A mysterious and crippling disease has made its way to Washington’s Blue Mountains.
On Jan. 17 a hunter shot a cow elk in the Pikes Peak area of the Blue Mountains in Walla Walla County. The hunter noticed that the hooves of the animal were deformed. So he submitted the hooves to the Washington Department of Fish and Wildlife.
Last week the Washington State University animal disease diagnostic lab confirmed that the elk had the infectious disease known as treponeme-associated hoof disease. Or, more commonly, elk hoof disease.
“This detection is the farthest east we’ve documented hoof disease in Washington,” said Kyle Garrison, WDFW’s statewide hoof disease coordinator.
The disease has been documented in some elk killed in the Oregon part of the Blue Mountains, he said. And in February the disease was confirmed in Idaho near White Bird. In April, WDFW confirmed the disease for the first time east of the Cascades.
“It’s certainly something we should all be concerned about,” he said. “It’s a disease that is very difficult to manage and we don’t know what the future holds for the disease’s manifestation in the Blues.”
The disease is most common in southwestern Washington, particularly the Willapa Hills and Mount St. Helens herds.
The poorly understood disease, which resembles hoof diseases that occur in domestic livestock, originated in Washington and has since spread to Oregon and Idaho.
Limping elk and elk with hoof deformities were first documented in Washington in the early 2000s with sightings greatly increasing around 2008, Garrison said. However, the disease wasn’t formally diagnosed until 2014 after five years of analysis by five independent laboratories. While relatively common in livestock, hoof disease caused by treponeme bacteria had not previously been diagnosed in wildlife.
In 2018, the Legislature allocated $3 million to WSU for two years of work on elk hoof disease.
The disease’s full impact on elk populations is not yet known.
Nor is its origin, said Margaret Wild, the head of WSU’s elk hoof disease research efforts. Prior to coming to WSU in June, Wild worked as the chief wildlife veterinarian for the National Park Service. While there she worked extensively on chronic wasting disease research. In fact, she draws some parallels between CWD and elk hoof disease: both of which started as relatively isolated and unknown diseases.
“There is a lot of speculation that goes along with this disease,” Wild said.
A study of the Mount St. Helens herd started in 2015. Garrison said WDFW hopes to have the study’s findings published in a year.
But according to preliminary findings, the disease greatly reduced the herd’s survival rates, overall body condition and reproduction, Garrison said.
However, the diseases’ exact impact on elk mortality isn’t clear. Garrison pointed out that the Mount St. Helens herd was already nutritionally challenged and not known for great health.
Over the past five years, the Mount St. Helens’ herd has declined 35 percent. But during that same time, the state had hunters harvest more than 1,000 cow elk in an effort to bring the herd into balance with habitat capacity.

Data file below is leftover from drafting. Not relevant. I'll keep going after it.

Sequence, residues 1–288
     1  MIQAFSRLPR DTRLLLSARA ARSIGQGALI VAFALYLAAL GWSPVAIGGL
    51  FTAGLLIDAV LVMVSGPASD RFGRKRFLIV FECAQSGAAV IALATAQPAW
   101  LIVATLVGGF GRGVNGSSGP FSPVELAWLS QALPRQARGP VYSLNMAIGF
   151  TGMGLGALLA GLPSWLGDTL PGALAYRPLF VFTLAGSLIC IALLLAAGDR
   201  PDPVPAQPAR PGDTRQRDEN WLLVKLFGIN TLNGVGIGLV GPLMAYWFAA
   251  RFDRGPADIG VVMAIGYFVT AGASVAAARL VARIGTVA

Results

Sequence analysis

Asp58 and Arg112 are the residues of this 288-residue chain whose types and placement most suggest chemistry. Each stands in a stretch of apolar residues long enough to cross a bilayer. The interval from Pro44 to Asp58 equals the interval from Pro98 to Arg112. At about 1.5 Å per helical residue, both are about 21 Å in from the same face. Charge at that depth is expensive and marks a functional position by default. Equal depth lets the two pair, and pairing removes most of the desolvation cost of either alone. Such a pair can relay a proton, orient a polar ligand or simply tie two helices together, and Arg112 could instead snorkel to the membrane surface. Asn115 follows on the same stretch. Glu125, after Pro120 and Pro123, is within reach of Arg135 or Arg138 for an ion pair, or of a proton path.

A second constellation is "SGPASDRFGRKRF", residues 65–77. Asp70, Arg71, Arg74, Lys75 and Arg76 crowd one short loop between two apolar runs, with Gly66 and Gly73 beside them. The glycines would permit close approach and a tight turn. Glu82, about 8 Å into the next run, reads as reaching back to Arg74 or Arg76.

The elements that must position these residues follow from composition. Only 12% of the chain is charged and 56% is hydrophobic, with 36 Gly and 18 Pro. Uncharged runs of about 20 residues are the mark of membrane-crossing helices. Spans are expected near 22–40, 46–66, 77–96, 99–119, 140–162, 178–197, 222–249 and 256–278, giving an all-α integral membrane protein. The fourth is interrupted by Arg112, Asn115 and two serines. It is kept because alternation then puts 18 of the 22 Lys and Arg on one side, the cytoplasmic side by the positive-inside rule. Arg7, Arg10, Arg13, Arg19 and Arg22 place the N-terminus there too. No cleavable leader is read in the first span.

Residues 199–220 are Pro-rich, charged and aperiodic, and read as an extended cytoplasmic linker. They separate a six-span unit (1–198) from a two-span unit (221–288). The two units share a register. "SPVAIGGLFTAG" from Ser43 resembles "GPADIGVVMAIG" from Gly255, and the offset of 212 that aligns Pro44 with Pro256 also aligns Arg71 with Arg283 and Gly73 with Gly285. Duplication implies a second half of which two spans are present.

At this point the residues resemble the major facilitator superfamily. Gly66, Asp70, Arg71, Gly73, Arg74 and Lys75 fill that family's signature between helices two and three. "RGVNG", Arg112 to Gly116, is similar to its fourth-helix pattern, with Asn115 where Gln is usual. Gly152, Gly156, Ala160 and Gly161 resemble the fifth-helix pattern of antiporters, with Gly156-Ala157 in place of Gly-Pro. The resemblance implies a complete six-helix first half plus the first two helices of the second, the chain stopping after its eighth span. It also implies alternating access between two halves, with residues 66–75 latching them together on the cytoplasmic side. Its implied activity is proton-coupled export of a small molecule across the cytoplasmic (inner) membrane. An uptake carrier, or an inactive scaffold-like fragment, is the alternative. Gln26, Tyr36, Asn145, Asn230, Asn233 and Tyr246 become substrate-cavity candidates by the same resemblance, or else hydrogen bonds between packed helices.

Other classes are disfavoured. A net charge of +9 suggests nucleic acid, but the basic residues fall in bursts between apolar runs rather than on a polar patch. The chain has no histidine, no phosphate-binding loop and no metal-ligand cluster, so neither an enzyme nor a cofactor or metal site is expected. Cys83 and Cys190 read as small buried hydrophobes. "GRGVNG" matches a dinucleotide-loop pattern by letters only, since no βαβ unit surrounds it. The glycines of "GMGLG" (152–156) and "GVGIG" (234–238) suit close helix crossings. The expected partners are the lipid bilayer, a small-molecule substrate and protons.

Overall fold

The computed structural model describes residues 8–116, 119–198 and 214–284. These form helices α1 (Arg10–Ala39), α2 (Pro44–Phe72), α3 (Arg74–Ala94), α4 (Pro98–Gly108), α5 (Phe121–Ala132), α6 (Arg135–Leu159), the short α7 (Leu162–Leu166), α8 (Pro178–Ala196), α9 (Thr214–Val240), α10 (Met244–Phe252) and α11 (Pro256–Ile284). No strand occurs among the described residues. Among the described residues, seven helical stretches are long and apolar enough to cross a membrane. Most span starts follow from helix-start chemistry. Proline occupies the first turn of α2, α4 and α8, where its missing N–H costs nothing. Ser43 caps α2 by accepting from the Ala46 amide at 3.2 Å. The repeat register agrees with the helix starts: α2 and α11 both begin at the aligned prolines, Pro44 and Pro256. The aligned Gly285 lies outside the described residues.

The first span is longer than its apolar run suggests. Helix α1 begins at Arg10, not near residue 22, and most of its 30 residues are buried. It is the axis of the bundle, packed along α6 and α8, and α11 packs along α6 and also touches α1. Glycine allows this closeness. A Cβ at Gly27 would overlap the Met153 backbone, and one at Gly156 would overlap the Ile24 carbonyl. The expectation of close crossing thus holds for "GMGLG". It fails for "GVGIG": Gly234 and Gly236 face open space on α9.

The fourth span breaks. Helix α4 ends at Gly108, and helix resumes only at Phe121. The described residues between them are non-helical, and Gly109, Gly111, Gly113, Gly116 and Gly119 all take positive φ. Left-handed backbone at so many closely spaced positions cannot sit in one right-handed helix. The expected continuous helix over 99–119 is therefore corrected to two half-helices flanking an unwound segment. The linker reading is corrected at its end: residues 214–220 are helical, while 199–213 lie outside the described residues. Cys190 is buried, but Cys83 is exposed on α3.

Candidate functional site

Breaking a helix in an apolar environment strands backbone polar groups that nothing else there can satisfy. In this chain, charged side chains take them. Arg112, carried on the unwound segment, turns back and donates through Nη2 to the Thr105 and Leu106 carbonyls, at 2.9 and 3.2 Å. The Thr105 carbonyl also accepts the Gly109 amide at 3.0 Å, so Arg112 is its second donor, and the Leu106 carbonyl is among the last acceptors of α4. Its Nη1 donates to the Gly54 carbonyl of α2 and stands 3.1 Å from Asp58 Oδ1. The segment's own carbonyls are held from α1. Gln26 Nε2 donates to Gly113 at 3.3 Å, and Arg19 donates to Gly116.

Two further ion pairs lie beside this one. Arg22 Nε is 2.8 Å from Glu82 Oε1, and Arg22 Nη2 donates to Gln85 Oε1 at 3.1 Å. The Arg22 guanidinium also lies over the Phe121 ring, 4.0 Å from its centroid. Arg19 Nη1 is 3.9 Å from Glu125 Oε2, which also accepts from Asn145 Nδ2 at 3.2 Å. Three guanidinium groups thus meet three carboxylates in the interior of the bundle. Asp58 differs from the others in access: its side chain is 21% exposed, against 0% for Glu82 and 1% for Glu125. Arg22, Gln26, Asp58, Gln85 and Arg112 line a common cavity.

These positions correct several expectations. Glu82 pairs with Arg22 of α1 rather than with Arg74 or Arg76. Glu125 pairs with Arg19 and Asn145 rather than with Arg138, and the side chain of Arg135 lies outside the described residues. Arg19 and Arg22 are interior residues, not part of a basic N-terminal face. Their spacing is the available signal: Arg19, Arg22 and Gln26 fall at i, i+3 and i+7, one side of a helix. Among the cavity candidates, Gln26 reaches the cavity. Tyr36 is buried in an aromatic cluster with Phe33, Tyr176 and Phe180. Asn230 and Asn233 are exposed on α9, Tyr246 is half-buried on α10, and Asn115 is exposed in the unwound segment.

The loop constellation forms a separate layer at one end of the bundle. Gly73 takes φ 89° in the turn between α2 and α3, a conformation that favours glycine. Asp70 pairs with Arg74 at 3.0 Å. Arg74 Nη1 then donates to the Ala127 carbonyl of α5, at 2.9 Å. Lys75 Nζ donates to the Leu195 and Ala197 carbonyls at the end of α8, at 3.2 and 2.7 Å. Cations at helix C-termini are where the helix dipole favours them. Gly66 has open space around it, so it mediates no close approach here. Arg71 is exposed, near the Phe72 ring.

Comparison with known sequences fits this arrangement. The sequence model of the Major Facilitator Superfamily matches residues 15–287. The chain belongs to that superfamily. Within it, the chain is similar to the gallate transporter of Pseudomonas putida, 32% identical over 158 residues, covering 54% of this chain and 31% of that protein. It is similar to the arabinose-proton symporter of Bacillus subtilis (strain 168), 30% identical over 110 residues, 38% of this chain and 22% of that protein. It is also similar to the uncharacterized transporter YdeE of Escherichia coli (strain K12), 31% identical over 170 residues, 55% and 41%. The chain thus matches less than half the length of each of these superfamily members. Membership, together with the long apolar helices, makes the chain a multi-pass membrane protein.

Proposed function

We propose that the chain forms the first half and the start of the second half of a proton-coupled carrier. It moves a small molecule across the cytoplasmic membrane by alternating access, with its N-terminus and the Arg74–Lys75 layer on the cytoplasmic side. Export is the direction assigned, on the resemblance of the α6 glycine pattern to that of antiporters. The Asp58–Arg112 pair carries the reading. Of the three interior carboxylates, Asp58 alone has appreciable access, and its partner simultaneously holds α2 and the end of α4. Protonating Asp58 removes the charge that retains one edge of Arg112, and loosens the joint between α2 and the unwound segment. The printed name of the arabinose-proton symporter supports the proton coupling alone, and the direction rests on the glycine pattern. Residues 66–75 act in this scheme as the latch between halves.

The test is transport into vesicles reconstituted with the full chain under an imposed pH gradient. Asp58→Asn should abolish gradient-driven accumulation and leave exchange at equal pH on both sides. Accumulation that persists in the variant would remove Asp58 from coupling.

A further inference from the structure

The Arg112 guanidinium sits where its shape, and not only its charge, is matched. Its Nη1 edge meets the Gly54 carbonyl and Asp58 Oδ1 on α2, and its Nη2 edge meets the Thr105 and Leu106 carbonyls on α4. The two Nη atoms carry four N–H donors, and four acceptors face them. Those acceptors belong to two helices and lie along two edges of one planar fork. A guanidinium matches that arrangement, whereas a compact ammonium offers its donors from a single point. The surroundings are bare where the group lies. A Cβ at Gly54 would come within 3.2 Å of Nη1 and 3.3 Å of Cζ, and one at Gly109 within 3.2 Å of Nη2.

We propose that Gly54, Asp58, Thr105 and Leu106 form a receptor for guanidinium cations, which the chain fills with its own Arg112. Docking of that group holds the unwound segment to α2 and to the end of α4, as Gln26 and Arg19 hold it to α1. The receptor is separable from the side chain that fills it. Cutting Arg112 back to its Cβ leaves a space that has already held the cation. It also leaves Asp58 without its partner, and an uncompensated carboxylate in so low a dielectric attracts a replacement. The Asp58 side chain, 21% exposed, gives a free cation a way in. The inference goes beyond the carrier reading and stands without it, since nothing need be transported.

“You know, like a lot of research, its hard to extrapolate,” he said.
In 2015, volunteers surveyed southwestern Washington elk herds. They found at least one limping elk in 48 percent of all elk groups surveyed. A spring 2017 aerial survey of the same area found limpers in 28 percent of all elk groups.
And a 2016 survey of Western Washington elk hunters found that 15 percent harvested elk with deformed hooves. In 2017, In the Willapa Hills 10 percent harvested elk with deformed hooves and in the Mount St. Helens’ area 17 percent did, Garrison said.
The 2018 numbers are not yet available. WDFW is now asking all Washington hunters, Garrison said.
In Western Washington annual survival rates have ranged from 58 to 68 percent for radio-collared elk with hoof disease as compared with 67 to 79 percent for non-disease elk.
And while the disease has been documented in northwest Washington, it hasn’t expanded in the same way it has in the southwest.
Next week WDFW will start its annual population survey in the Blue Mountains. Garrison hopes that survey will provide more information about prevalence in the Blues.
“We don’t get the feeling that there are a lot of other sick elk out there,” he said.
Last week, WSU took the first step in building a 4-acre enclosure that will allow them to study the disease in captive animals, Wild said. A key question researchers will ask is how the environment impacts prevalence and severity. There is some thought that damper climates help spread the bacterial infection.
“I think once we start doing the work in the captive elk we will be able to tell what environmental factors are important in the occurrence of the disease,” Wild said.
The pen will be located in Pullman.
Wild hopes it’s completed and research started by this time next year. Pinpointing exactly what factors affect the spread and severity of the disease is nearly impossible in the wild, she said.
“It’s just so hard to identify it in the wild where you have so many variables occurring at the same time,” she said.
At this point even if a treatment were found, it would be difficult to deliver to free-roaming elk.
“It is so hard to manage a disease in a wild animal and free-ranging animal,” Garrison said.
Wild and Garrison both stressed the importance of hunters and others keeping an eye out for limping elk or deformed hoofs.
“I think it’s important to know where disease are occurring for a number of reasons,” Wild said. “Once it’s established in an area it becomes much more challenging to manage.”
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